According to Buzzfeed, the East Village explosion was a terrible tragedy that could have been prevented if it were not for the gas leak old bricks. Reporter Nicolás Medina Mora argues that the “destruction…highlighted the lingering pitfalls of an aging stock of buildings that is ill-equipped to withstand any sort of significant trauma.” Considering the matter is still under investigation and Buzzfeed didn’t speak to a single engineer, that’s quite a claim. Their source for this theory? Luc Sante, a poet. His expert testimony:

“I was surprised when I heard about the explosion, but I shouldn’t have been,” Luc Sante, an essayist best known for Low Life, a sprawling history of the Lower East Side, told BuzzFeed News. “With the exception of brownstones, which were built as single-family dwellings for the well-to-do, most older buildings in New York have something deeply wrong with them. This could have happened anywhere in the East Village.”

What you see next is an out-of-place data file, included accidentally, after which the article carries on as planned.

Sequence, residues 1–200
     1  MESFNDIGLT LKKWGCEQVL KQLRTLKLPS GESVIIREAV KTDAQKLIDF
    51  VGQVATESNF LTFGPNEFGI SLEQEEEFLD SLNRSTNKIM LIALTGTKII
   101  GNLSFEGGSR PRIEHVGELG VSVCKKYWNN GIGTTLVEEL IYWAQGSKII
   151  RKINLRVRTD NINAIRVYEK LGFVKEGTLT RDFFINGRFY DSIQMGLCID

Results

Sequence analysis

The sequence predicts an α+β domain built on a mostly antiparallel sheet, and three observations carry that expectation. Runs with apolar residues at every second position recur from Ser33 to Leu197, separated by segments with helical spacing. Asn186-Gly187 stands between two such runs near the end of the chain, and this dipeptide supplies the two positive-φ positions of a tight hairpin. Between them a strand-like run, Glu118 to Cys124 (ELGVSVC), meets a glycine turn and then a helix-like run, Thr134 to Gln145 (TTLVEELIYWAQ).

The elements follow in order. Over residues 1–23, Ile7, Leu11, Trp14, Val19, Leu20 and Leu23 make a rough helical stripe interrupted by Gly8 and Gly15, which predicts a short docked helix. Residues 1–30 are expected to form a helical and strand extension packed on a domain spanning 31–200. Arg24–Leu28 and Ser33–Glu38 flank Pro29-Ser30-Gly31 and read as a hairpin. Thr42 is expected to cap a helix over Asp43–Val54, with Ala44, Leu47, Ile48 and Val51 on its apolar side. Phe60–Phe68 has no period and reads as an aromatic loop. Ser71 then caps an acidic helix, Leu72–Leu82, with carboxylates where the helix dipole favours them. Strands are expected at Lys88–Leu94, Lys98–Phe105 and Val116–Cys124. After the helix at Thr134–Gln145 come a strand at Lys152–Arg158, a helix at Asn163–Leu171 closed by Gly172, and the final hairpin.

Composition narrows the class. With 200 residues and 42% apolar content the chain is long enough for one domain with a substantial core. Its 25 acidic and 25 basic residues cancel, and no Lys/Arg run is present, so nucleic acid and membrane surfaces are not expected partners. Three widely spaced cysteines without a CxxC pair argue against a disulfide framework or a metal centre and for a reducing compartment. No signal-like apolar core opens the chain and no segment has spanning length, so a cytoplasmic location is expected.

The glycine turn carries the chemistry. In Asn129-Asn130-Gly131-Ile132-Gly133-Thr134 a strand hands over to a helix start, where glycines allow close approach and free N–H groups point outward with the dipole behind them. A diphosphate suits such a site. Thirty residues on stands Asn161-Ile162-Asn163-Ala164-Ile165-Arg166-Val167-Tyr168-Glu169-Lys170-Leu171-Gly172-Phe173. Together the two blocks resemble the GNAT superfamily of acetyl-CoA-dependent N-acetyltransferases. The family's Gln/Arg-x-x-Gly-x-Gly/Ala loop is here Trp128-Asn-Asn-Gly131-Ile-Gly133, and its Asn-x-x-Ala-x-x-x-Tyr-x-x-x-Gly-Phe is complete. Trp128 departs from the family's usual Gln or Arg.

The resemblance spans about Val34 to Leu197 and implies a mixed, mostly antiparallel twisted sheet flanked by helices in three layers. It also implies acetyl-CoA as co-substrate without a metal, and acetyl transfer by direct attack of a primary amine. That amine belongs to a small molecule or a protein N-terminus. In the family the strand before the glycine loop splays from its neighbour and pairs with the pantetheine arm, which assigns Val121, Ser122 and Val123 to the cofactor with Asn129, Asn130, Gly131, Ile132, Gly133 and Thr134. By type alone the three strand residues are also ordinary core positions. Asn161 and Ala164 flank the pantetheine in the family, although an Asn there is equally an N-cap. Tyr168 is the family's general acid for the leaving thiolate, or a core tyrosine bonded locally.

…Or anywhere in the city, as Bowery Boogie pointed out in a rebuttal, because newsflash: gas explosions tend to destroy buildings. I’d like to counter with some expert testimony of my own:

The third little pig met a man with a load of bricks, and said, “Please, man, give me those bricks to build a house with.” So the man gave him the bricks, and he built his house with them.

So the wolf came, as he did to the other little pigs, and said, “Little pig, little pig, let me come in.”

“No, no, by the hair of my chiny chin chin.”

“Then I’ll huff, and I’ll puff, and I’ll blow your house in.”

Well, he huffed, and he puffed, and he huffed and he puffed, and he puffed and huffed; but he could not get the house down. When he found that he could not, with all his huffing and puffing, blow the house down, he said, “Little pig, I know where there is a nice field of turnips.”

See? Bricks strong.

(Original photo: FDNY)